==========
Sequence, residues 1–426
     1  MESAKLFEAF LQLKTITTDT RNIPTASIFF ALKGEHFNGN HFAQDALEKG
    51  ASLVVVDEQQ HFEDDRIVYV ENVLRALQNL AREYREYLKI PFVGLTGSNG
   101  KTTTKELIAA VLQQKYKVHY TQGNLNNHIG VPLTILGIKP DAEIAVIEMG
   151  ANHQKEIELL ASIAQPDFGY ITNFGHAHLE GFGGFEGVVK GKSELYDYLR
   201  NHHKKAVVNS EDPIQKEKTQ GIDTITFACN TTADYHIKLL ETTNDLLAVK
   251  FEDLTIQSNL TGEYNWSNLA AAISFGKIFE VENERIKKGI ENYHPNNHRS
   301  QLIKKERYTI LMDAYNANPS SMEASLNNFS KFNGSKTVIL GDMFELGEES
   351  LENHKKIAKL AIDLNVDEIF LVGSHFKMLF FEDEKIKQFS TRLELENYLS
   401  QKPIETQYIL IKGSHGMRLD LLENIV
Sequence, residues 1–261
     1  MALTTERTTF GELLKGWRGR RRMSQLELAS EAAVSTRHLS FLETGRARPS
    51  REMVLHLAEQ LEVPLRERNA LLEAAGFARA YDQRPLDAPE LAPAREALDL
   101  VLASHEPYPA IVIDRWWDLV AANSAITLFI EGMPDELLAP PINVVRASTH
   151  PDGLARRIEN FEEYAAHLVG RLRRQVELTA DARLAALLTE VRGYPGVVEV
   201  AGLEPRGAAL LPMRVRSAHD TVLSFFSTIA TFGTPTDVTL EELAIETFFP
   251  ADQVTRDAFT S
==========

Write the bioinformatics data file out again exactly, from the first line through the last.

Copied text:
Sequence, residues 1–426
     1  MESAKLFEAF LQLKTITTDT RNIPTASIFF ALKGEHFNGN HFAQDALEKG
    51  ASLVVVDEQQ HFEDDRIVYV ENVLRALQNL AREYREYLKI PFVGLTGSNG
   101  KTTTKELIAA VLQQKYKVHY TQGNLNNHIG VPLTILGIKP DAEIAVIEMG
   151  ANHQKEIELL ASIAQPDFGY ITNFGHAHLE GFGGFEGVVK GKSELYDYLR
   201  NHHKKAVVNS EDPIQKEKTQ GIDTITFACN TTADYHIKLL ETTNDLLAVK
   251  FEDLTIQSNL TGEYNWSNLA AAISFGKIFE VENERIKKGI ENYHPNNHRS
   301  QLIKKERYTI LMDAYNANPS SMEASLNNFS KFNGSKTVIL GDMFELGEES
   351  LENHKKIAKL AIDLNVDEIF LVGSHFKMLF FEDEKIKQFS TRLELENYLS
   401  QKPIETQYIL IKGSHGMRLD LLENIV
Sequence, residues 1–261
     1  MALTTERTTF GELLKGWRGR RRMSQLELAS EAAVSTRHLS FLETGRARPS
    51  REMVLHLAEQ LEVPLRERNA LLEAAGFARA YDQRPLDAPE LAPAREALDL
   101  VLASHEPYPA IVIDRWWDLV AANSAITLFI EGMPDELLAP PINVVRASTH
   151  PDGLARRIEN FEEYAAHLVG RLRRQVELTA DARLAALLTE VRGYPGVVEV
   201  AGLEPRGAAL LPMRVRSAHD TVLSFFSTIA TFGTPTDVTL EELAIETFFP
   251  ADQVTRDAFT S